DENVER — Labor Secretary Hilda Solis on Friday lambasted BP PLC and coal mining company Massey Energy for their recent disasters, saying they need to enact better safety measures and not make a profit "at the expense of killing" their employees.
"We are not saying go out of business. Do your job better. Make an investment in your employees. We want you to make a profit but not at the expense of killing your employees," Solis said at a conference of the National Association of Latino Elected and Appointed Officials.
She said workers cleaning up BP's oil spill on the beaches of the Gulf of Mexico include minorities who often don't have the interpretation services they need to understand how to handle contaminants.
Solis said the workers, some of whom she visited recently, are a "vulnerable population" that needs to be protected and that her office is directing BP to give them proper training in their spoken languages.
"What I heard overwhelmingly was that there were no interpreters that could provide them with information on how they could go about understanding what safety measures that OSHA (the Occupational Safety and Health Administration) is requiring them to take so they could be certified to be part of the cleanup," Solis said.
She said the workers are often minorities, including African-Americans, Asians, Mexicans and Central Americans who work in 109-degree weather while wearing plastic coveralls.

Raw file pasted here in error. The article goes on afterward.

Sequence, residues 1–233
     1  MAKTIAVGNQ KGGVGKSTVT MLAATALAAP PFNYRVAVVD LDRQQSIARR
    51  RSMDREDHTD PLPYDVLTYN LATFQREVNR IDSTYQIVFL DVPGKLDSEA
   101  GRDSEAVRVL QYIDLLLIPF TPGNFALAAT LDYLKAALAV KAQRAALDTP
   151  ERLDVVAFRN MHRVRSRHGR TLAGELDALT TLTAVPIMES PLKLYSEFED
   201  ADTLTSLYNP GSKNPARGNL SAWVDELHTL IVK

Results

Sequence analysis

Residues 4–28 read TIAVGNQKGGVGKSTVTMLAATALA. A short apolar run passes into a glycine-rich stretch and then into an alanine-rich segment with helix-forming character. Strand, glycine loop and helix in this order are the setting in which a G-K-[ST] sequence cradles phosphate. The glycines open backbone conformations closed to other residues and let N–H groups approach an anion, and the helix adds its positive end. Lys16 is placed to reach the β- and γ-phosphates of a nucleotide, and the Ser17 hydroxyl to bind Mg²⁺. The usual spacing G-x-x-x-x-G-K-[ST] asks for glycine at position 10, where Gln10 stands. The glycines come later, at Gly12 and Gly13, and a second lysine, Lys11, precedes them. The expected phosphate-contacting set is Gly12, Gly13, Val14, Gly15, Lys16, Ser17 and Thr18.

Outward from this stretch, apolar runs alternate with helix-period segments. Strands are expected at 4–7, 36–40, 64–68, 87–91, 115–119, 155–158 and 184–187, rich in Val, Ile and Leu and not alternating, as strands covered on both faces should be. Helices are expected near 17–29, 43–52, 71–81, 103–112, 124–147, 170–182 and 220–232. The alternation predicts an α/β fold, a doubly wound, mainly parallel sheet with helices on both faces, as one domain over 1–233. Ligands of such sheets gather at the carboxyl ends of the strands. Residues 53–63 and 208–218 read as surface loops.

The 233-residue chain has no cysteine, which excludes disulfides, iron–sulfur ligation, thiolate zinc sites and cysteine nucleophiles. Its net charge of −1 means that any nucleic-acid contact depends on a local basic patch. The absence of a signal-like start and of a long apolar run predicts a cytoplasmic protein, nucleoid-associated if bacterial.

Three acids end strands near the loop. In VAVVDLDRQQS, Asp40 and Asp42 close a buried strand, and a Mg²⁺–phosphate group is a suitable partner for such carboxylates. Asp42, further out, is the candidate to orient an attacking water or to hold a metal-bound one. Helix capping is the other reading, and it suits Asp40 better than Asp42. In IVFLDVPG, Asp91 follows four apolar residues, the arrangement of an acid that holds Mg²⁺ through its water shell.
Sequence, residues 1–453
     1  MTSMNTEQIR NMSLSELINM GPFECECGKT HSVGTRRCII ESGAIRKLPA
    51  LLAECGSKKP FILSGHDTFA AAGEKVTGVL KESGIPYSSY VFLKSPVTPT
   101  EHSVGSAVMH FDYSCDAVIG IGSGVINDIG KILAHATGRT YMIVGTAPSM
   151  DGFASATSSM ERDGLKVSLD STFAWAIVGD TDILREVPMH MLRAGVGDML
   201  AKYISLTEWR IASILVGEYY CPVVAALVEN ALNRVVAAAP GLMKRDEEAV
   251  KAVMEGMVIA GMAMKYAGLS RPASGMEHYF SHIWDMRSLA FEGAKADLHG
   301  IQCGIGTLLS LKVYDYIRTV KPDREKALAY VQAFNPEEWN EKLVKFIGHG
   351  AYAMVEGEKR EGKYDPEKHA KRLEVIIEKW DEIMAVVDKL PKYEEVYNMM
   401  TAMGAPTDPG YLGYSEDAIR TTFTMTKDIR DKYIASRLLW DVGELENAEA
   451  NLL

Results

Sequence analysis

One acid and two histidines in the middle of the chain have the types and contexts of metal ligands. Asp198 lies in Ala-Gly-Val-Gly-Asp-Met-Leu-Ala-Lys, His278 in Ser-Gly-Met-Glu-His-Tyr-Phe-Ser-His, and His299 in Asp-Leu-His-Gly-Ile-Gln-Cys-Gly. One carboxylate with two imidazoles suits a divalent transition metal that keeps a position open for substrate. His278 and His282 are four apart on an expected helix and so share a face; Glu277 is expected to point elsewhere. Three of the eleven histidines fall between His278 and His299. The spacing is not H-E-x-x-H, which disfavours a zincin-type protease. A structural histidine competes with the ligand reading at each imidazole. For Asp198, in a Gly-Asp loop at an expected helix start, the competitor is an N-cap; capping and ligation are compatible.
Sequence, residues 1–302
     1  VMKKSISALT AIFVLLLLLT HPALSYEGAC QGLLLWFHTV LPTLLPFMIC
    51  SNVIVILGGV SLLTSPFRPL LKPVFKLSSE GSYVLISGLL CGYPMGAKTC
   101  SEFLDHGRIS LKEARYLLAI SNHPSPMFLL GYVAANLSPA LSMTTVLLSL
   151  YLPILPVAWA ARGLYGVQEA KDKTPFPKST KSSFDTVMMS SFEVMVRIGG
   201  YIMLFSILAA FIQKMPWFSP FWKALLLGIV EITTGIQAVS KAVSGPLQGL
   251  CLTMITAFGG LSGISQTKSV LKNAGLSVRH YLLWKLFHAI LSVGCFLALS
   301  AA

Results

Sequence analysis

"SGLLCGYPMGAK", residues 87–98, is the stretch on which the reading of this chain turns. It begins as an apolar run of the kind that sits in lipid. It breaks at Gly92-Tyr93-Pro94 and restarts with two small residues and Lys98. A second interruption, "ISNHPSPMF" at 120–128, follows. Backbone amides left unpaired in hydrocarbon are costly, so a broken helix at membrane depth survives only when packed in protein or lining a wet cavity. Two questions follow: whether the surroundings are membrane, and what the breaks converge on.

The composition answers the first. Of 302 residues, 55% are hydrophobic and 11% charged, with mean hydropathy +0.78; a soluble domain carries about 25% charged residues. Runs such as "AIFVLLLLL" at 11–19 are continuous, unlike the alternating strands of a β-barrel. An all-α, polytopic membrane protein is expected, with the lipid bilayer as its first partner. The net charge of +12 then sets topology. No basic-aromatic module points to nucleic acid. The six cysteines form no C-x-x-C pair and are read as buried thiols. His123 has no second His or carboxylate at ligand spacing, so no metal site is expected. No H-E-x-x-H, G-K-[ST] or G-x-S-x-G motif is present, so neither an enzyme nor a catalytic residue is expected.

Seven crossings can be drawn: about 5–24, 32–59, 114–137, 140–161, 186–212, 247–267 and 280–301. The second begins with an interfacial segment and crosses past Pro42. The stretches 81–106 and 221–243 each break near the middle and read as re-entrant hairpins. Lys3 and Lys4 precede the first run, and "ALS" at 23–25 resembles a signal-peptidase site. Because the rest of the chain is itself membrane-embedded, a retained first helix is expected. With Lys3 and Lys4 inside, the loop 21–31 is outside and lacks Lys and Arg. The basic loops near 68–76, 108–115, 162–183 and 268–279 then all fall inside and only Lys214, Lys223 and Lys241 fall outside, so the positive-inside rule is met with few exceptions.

"I don't want to get into a point-counterpoint with the labor secretary," said John Curry, a BP spokesman. "We are all saddened by the situation and we're trying to do everything we can to learn from the situation so we can improve and so we can be as safe as possible."
Curry said BP has translators from various languages at offices where people affected by the spill can make compensation claims. He said translators for other languages, including Vietnamese, have been brought in for hazardous materials training.
Officials at the Mary Queen of Vietnam Community Development Corp., a nonprofit set up in eastern New Orleans to help that area's Vietnamese community recover from Hurricane Katrina, say language barriers have been a problem as this latest crisis develops. The corporation has at times brought in interpreters for fishermen attending classes on how to clean up the oil. It also is seeking bilingual psychologists and psychiatrists who can counsel Vietnamese suffering from mental health problems since the spill.
Eleven workers were killed when BP's Deepwater Horizon drilling rig exploded April 20 and started pouring crude oil into the Gulf. An explosion 15 days earlier at a Massey Energy Co. mine in West Virginia killed 29 men.
"Massey has not put profits over safety and will not," said Massey spokesman Jeff Gillenwater, responding to Solis' remarks. "Safety is our first priority. Massey constantly works to improve the safety of coal miners and willingly invests millions of dollars in doing so."
Associated Press Writer Tim Huber contributed to this report from Charleston, W.Va.